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Charrúa Soccer debuted this week on Apple Arcade, and it gives us a window into the culture of Uruguayan soccer.
It may not seem like the indigenous South American Charrúa people have much to do with an Apple Arcade game, but 500 years ago, this warrior tribe of Uruguay, Argentina, and Brazil was fierce and unrelenting. Today, the term “Garra Charrua” captures their spirit of bravery, determination and strength, and is epitomized in Uruguayan football.
Uruguay has shown that even a small country can be a big player in soccer, having won two World Cups despite its small size. And the independent Uruguayan game developer Batovi Games Studio is has made the game to recognize that sports tenacity.
To make Charrúa Soccer, Batovi learned a lot from their hit iOS game, Pixel Cup Soccer, that originally launched in 2010 as part of the One Laptop per Child initiative.
It approached the game’s development with a focus on making a colorful, playful game that is accessible to everyone on Apple Arcade, which is a $5 a month subscription service. The cartoon-style for the characters are designed to be relatable by anyone, in any country.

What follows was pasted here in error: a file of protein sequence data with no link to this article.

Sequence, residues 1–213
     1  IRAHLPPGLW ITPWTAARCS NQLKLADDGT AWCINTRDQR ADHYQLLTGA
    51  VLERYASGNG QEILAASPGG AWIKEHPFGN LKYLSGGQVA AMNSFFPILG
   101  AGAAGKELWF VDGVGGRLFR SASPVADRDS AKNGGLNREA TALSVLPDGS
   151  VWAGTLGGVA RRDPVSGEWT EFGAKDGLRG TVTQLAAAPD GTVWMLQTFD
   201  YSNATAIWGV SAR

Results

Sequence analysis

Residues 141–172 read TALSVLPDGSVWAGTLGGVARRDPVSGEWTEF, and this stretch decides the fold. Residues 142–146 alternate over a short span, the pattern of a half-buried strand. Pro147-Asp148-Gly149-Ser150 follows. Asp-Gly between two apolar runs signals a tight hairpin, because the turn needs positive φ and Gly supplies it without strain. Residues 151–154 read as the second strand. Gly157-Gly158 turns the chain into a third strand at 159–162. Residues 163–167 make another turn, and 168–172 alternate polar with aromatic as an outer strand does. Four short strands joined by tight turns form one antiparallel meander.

I played it and found it was easier to play than other touchscreen soccer games. You control a single player and focus on just kicking or passing in the right direction. An opposing player fouled me on my first possession, and then I kicked the ball into the goal. Soon enough, I was fouled in the box again and scored another goal. It’s a cute and fast game that you can play for a while.
The game has a single player-versus-the computer mode, two players (player versus player), or party mode with competitions. It has animations of overhead kicks, scorpion kicks, scissors kicks, and diving headers. The AI also has very different game playing styles (such as Catenaccio from Italy or Tiki-Taka like Barcelona FC).
Roque Papa, owner of Batovi Games Studio, said in a statement that the opportunity to make an Apple Arcade game allows the company to express its creativity without having to worry about monetization models or ads.
He said the team aimed to make a soccer game with tons of action and adrenaline that distances itself from realistic simulation and focuses more on the fun side of the game. It’s nice to see Apple reaching out to far-flung game studios to find creative games for Apple Arcade, which now has 109 games.
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